Pakistan Now Has A 21-Person ‘Climate Council,’ Thanks To A Judge’s Ruling

CREDIT: AP Photo/Mohammad Sajjad

People make their way in a flooded street from heavy rain in Peshawar, Pakistan, Tuesday, Aug. 28, 2012.

The high court of justice in the capital city of Pakistan’s Punjab province, Lahore, recently ruled that the country must do more to protect its citizens from climate change, ordering the creation of a “climate council” to ensure that Pakistan’s climate commitments are followed. That makes Pakistan the second country in a matter of months to be compelled by a court to protect its citizens from the dangers of a warming climate.

The case was brought before the court by Asghar Leghari, a farmer who claimed that his “fundamental rights” had been violated by Pakistan’s lack of action on climate change. The country has suffered a series of extreme weather events in recent years, including three consecutive years of deadly floods and a heat wave this summer that claimed more than 800 lives. In a country where half of the population relies on agriculture for survival, extreme weather events, coupled with a shorter and more intense monsoon season, can quickly turn into large-scale disasters. According to the United Nations, Pakistan is one of countries most vulnerable to climate change.

In the ruling, judge Judge Syed Mansoor Ali Shah said that, “for Pakistan, climate change is no longer a distant threat — we are already feeling and experiencing its impacts across the country and the region.” The court ruled that the country had not taken sufficient steps to enact its national climate change policy, approved by the government in 2012.

To combat the “the delay and lethargy of the state in implementing the framework,” the court ordered the creation of a “climate council,” which would include representatives from various government ministries and departments overseen by an environmental lawyer. In a second ruling, the judge then named 21 people to the commission, according to the Toronto Star.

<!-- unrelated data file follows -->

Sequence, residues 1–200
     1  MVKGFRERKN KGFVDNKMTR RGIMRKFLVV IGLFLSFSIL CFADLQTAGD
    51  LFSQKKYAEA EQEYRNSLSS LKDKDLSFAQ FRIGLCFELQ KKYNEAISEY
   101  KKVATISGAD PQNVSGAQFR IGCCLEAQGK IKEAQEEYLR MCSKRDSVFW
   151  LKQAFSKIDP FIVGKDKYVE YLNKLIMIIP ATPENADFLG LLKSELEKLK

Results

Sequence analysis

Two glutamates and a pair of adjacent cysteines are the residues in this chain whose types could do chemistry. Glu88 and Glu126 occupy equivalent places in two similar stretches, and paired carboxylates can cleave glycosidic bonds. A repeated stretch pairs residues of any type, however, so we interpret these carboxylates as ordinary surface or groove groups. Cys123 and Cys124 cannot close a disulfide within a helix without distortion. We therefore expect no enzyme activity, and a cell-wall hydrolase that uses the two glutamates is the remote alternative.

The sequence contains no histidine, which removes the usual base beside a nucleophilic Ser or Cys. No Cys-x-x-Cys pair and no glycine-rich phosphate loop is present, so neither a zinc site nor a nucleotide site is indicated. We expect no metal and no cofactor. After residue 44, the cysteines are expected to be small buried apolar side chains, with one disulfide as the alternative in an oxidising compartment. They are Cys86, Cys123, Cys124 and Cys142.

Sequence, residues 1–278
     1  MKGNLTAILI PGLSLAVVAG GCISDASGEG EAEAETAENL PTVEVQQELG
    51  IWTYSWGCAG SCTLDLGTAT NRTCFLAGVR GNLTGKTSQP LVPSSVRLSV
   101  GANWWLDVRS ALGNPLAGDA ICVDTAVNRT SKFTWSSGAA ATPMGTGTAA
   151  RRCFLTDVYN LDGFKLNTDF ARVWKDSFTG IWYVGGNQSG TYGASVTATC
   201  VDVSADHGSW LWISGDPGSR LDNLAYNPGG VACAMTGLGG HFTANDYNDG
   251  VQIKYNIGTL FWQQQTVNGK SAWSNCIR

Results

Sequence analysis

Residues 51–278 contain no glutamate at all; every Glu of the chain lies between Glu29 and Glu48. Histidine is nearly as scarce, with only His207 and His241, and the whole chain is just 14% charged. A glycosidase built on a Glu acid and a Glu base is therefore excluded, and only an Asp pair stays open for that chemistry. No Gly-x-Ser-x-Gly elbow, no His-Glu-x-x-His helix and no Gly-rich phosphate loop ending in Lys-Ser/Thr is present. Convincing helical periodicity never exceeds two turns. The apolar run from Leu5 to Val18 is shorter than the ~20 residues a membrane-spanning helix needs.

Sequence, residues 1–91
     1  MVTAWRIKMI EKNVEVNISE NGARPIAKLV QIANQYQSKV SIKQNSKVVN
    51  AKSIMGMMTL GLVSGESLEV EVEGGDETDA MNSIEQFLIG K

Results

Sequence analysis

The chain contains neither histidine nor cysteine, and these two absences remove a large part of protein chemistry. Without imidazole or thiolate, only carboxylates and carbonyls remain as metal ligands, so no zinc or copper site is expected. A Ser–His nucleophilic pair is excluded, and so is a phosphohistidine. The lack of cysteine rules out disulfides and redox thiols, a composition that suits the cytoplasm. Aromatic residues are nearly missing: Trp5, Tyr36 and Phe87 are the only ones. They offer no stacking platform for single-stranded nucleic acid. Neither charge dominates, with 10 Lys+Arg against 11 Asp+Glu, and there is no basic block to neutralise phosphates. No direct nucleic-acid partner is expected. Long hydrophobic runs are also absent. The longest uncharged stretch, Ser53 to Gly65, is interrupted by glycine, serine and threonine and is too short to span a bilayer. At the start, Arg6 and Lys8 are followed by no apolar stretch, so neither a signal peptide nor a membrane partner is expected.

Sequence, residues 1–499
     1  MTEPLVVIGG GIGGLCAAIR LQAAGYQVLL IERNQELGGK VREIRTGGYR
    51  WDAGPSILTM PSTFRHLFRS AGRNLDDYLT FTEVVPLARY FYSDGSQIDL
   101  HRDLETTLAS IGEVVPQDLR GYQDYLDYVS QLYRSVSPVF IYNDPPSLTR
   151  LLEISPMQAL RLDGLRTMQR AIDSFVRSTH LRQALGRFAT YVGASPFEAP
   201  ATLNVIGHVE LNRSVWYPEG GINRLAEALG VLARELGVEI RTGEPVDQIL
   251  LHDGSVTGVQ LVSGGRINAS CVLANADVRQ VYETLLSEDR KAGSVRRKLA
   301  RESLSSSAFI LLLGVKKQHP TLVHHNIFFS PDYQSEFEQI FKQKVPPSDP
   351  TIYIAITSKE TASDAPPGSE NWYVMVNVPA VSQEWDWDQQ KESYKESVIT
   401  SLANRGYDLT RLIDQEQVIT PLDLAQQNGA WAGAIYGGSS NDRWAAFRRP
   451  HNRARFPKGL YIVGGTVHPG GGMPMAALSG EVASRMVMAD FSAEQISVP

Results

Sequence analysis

“Pakistan was nowhere in the list of my countries where I would have expected to see this kind of a ruling,” Michael Gerrard, an environmental lawyer and professor at Columbia Law School, told the Star. “To an American lawyer like me, that a court gave such specific direction to agencies and went as far as to establish the name and members of the commission — that was amazing.”

Whether the judge’s ruling will have any lasting impact on Pakistan’s climate policy is still unclear, however. As the Guardian points out, the country’s climate change action plan claims that Pakistan has “very low technical and financial capacity to adapt to [climate change’s] adverse impacts.” In addition to climate change, Pakistan faces issues like terrorism, government corruption, water shortages, and failing energy and health infrastructure.

Earlier this year, a Dutch court ruled that the country must cut greenhouse gas emissions by 25 percent, compared to 1990 levels, by 2020. That ruling was the result of a lawsuit filed against the Dutch government by a coalition of more than 900 plaintiffs, who claimed that their government’s inaction on climate change was a human rights violation. Following the case in the Netherlands, which was hailed as a “landmark legal case” by the Dutch press, several other nations filed similar lawsuits hoping to compel their governments to act on climate change.

“We are seeing an increasing number of legal challenges because of a disappointment in the ineffectiveness of public and private commitments to reduce greenhouse gas emissions,” Laurent Neyret, a specialist in environmental law and professor at the University of Versailles, told Le Monde.